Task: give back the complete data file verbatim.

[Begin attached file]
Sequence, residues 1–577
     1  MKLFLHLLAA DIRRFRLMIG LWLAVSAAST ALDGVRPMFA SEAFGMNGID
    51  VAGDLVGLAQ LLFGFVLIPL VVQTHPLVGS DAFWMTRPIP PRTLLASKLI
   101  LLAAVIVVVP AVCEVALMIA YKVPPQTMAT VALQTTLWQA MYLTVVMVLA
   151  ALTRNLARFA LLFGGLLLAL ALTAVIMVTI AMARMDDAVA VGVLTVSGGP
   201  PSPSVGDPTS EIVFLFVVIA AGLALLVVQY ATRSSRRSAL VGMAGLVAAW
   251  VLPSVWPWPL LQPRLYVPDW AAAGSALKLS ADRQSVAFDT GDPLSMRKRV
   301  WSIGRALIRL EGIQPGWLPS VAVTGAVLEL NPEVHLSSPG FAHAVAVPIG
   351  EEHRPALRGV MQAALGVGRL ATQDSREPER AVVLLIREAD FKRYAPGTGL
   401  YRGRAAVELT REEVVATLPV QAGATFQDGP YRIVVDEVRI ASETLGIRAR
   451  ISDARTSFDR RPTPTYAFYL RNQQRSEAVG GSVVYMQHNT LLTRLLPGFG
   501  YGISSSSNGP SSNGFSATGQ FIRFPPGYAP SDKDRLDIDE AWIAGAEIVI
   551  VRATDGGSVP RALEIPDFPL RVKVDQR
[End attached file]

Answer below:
Sequence, residues 1–577
     1  MKLFLHLLAA DIRRFRLMIG LWLAVSAAST ALDGVRPMFA SEAFGMNGID
    51  VAGDLVGLAQ LLFGFVLIPL VVQTHPLVGS DAFWMTRPIP PRTLLASKLI
   101  LLAAVIVVVP AVCEVALMIA YKVPPQTMAT VALQTTLWQA MYLTVVMVLA
   151  ALTRNLARFA LLFGGLLLAL ALTAVIMVTI AMARMDDAVA VGVLTVSGGP
   201  PSPSVGDPTS EIVFLFVVIA AGLALLVVQY ATRSSRRSAL VGMAGLVAAW
   251  VLPSVWPWPL LQPRLYVPDW AAAGSALKLS ADRQSVAFDT GDPLSMRKRV
   301  WSIGRALIRL EGIQPGWLPS VAVTGAVLEL NPEVHLSSPG FAHAVAVPIG
   351  EEHRPALRGV MQAALGVGRL ATQDSREPER AVVLLIREAD FKRYAPGTGL
   401  YRGRAAVELT REEVVATLPV QAGATFQDGP YRIVVDEVRI ASETLGIRAR
   451  ISDARTSFDR RPTPTYAFYL RNQQRSEAVG GSVVYMQHNT LLTRLLPGFG
   501  YGISSSSNGP SSNGFSATGQ FIRFPPGYAP SDKDRLDIDE AWIAGAEIVI
   551  VRATDGGSVP RALEIPDFPL RVKVDQR